The European Summer School of the University of Strasbourg is a prestigious one-week meeting of students from all over Europe. They present their research projects and attend lectures on some of the most recent topics in physics presented by internationally known scientists. The 2016 edition of the school is organized by the faculty of physics and engineering of the University of Strasbourg together with the Collaborative Research Centre 1027 of the University of the Saarland.
Cell Physics has emerged as a new branch of Physics during the last decade. Quantitative experiments that address the cellular dynamics can nowadays be performed directly in the living cell, tissue or organism. This enables the investigation of biological systems using a typical physicist’s approach, including a tight interaction between models and experiments. Because living matter exhibits new, complex out-of-equilibrium properties, cell physics has received a lot of interest from theorists in terms of model building.
New aspects have been developed in biology, concerning topics such as collective effects, chirality, quantum biology, as well as the origin of life. We now witness the appearance of a new generation of scientists that are trained in Physics as well as in Biology, who know about theory as much as about experimental work. The recently created Cell Physics Master in Strasbourg University is based on this scientific direction. The scope of the school covers recent developments in cell physics with a central emphasis on their biological relevance.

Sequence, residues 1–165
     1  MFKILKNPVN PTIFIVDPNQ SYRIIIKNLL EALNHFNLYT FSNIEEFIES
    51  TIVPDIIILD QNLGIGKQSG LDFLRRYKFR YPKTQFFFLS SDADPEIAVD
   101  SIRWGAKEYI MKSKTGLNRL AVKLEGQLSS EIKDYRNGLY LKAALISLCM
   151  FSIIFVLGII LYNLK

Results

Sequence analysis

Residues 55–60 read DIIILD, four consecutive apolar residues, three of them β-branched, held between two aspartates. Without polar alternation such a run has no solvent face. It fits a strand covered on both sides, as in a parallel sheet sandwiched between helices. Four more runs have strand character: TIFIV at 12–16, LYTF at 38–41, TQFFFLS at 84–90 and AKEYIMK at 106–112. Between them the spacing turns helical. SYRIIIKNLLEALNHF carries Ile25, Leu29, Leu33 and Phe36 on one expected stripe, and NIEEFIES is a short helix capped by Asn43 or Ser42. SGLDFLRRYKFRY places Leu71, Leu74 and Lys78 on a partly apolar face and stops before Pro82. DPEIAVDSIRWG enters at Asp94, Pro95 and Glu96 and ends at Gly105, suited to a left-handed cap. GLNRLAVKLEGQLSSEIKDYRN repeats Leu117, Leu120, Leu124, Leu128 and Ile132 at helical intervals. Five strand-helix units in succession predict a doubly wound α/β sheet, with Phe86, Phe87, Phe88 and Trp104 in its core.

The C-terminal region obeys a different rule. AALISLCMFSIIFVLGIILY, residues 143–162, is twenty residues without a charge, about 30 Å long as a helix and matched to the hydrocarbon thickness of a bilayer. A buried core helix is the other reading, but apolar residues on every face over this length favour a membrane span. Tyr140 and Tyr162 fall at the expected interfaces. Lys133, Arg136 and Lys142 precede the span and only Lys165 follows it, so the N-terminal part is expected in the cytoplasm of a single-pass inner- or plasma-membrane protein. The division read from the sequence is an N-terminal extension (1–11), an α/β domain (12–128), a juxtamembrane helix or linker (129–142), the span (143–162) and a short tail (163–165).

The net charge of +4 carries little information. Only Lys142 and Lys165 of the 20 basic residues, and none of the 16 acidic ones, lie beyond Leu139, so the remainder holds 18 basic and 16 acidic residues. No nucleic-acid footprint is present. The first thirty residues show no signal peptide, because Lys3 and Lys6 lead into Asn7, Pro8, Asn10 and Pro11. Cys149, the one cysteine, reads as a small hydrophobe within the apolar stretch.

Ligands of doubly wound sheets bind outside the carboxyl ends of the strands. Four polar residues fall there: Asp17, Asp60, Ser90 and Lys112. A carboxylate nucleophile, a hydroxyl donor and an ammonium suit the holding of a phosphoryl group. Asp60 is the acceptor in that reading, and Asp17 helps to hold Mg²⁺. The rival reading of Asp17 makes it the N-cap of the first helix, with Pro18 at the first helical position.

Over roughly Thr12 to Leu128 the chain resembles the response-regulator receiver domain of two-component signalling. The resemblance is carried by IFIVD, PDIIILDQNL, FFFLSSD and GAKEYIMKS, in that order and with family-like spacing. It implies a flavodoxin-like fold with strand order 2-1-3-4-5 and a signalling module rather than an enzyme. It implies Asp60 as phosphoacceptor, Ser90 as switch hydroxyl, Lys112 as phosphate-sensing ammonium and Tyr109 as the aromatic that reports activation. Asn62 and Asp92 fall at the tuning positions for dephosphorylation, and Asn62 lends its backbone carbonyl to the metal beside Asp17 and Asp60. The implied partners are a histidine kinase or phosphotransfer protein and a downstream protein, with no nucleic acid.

Fluorescence microscopy has become an invaluable tool to study protein dynamics in living organisms. The emergence of fluorescent proteins (FPs) has opened the way to the visualization in space and time intracellular proteins thanks to a non-invasive one-to-one tagging obtained by fusing FP with proteins of interest by recombinant DNA techniques. Moreover, a large palette of FP mutants, which display emission spectra all over the visible range as well as improved fluorescence quantum yield and sensitivity to different chemical environments, have been obtained by molecular engineering. Trough these developments, quantitative imaging by means of multicolour labelling and advanced fluorescence measurements is now currently used to quantify biomolecular interactions in living cells with a spatial resolution far below the diffraction limit. In this lecture, I will present the different approaches developed in the lab to monitor biomolecular interaction in living cells. In particular, I will show how Fluorescence Lifetime Imaging Microscopy (FLIM) and Fluorescence Correlation Spectroscopy (FCS) can be used to decipher protein-protein interactions. However, these techniques, performed at the ensemble level, do not allow measuring the kinetic constants of a biomolecular reaction. To overcome this limitation, we developed a widefield microscope having single molecule sensitivity. With the help of Förtser Resonance Energy Transfer (FRET) I will show that it is possible to follow, over time, the interaction between a single protein and a single oligonucleotide allowing to obtain information about the reaction kinetic. In addition, the ability to detect individual fluorophores can also be used in a cellular context to visualize cellular compartments with a spatial resolution of 30 nm overcoming thus the resolution of conventional optical microscopy.